All eyes were on benchmark Treasuries on Tuesday as trading reopened in the wake of last week’s selloff and following a holiday. The 10-year yield crept up to a fresh seven-year high before erasing the move, while US equity futures slid with stocks across Asia and Europe.
Both the S&P 500 and the Stoxx Europe 600 Index looked poised for a fourth day of declines, even as yields pulled back from the 3.25 percent they touched earlier. The MSCI Asia Pacific Index notched a seventh straight drop, though stocks in Shanghai rose following the biggest selloff in more than three months. The yuan gained in onshore trading after sliding a day earlier — a move that has prompted concern within the American administration. Japanese stocks slumped.
Italy’s FTSE MIB Index started on the front foot, though it reversed gains to edge closer to a bear market. The country’s 10-year yields climbed again as Finance Minister Giovanni Tria appealed for calm amid the war of words between the government and European Union authorities. The pound weakened amid a slew of Brexit warnings.
A gloomy mood continues to permeate markets, and it looks like the latest report from the IMF will do little to spur investor confidence. The fund has reduced its outlook for global growth for the first time since 2016, in part because of growing trade tensions between the world’s two largest economies. China took steps to aid lending this week, a move that inevitably puts pressure on the yuan, with weakness of the currency threatening to further aggravate the trade tensions in a vicious circle that could prompt more Chinese easing.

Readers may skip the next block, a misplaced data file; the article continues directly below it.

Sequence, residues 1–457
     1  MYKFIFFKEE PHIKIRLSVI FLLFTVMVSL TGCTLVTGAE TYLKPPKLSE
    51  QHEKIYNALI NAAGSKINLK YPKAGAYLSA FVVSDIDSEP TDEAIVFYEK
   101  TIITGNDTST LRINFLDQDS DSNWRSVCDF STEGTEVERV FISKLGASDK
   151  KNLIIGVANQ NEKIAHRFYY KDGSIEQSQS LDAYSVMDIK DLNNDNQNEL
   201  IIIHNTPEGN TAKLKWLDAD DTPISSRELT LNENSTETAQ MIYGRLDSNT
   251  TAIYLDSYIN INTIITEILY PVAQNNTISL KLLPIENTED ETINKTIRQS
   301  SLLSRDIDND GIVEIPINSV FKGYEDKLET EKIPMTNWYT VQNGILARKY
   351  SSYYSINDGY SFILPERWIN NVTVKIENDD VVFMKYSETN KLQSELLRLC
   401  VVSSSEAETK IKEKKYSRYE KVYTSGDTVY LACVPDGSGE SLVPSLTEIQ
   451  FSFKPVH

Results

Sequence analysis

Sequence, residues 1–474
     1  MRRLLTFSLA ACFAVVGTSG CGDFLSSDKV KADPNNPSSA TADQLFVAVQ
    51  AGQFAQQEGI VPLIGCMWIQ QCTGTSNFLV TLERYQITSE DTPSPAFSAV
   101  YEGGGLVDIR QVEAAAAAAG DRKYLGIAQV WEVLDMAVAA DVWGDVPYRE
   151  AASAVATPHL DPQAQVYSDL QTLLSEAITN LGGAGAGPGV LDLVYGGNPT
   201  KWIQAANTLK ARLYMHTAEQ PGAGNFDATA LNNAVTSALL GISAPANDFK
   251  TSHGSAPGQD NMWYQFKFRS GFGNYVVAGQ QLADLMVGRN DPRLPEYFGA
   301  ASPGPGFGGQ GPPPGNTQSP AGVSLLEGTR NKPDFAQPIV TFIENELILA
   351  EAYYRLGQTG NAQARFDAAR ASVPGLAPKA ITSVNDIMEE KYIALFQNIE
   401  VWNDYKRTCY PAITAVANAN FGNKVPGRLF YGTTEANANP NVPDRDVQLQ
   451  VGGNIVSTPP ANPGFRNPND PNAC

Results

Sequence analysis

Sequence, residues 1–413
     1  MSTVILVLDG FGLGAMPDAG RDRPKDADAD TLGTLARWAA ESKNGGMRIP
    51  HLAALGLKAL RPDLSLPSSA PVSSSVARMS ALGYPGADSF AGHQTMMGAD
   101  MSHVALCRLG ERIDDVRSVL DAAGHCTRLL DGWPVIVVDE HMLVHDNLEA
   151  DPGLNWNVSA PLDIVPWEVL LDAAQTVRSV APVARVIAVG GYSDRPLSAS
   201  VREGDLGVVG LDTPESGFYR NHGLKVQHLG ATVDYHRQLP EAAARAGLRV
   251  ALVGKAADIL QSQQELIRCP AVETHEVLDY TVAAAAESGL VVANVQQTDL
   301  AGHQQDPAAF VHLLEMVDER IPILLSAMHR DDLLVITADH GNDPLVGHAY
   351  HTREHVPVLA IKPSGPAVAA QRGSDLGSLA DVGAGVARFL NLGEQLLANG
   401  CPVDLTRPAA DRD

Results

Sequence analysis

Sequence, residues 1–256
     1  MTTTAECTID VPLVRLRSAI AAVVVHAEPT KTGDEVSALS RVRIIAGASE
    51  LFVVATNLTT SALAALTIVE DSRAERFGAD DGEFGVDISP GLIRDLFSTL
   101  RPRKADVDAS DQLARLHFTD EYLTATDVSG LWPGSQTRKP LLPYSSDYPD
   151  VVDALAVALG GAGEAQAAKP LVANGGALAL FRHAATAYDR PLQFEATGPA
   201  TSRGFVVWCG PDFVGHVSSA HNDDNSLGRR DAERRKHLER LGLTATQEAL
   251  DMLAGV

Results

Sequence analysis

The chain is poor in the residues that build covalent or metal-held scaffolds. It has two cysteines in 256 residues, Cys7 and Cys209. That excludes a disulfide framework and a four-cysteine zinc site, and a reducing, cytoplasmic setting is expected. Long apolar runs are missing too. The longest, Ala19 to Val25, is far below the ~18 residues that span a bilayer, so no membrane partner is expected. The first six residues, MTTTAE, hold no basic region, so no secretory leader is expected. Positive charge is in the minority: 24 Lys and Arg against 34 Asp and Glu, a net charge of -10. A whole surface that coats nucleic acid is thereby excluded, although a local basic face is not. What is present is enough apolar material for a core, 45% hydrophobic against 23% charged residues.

“If the trade confrontation continues, the Chinese currency will go lower and that will create a whole host of problems for the global economy,” said Alicia Levine, chief strategist at BNY Investment Management.
Next up, traders need to brace themselves for some $230 billion of Treasury auctions this week. Elsewhere, oil traded in New York advanced toward $75 a barrel. Iron ore futures in Dalian jumped to the highest level in almost three weeks on demand. South Korea’s market was closed for a holiday.
The US Treasury has $230 billion worth of debt auctions this week. The IMF and World Bank will hold meetings in Bali from Friday, where finance chiefs from around the world will gather. A closely watched gauge of US consumer prices probably remained elevated in September and rose 2.3 percent from a year earlier, according to forecasts ahead of Thursday’s release. JPMorgan Chase & Co., Citigroup Inc. and Wells Fargo & Co. kick off earnings season for US banks on Friday.
Futures on the S&P 500 Index decreased 0.5 percent as of 8:43 a.m. New York time, to the lowest in more than a month. The Stoxx Europe 600 Index declined 0.5 percent to the lowest in about six months. The UK’s FTSE 100 Index dipped 0.5 percent to the lowest in six months. Germany’s DAX Index sank 0.6 percent, reaching the lowest in more than six months on its fifth straight decline. The MSCI Asia Pacific Index sank 0.9 percent, hitting the lowest in 15 months with its seventh consecutive decline. The MSCI Emerging Market Index fell 0.3 percent to the lowest in almost 17 months.
The yield on 10-year Treasuries was unchanged at 3.23 percent, the highest in more than seven years. Germany’s 10-year yield climbed two basis points to 0.55 percent.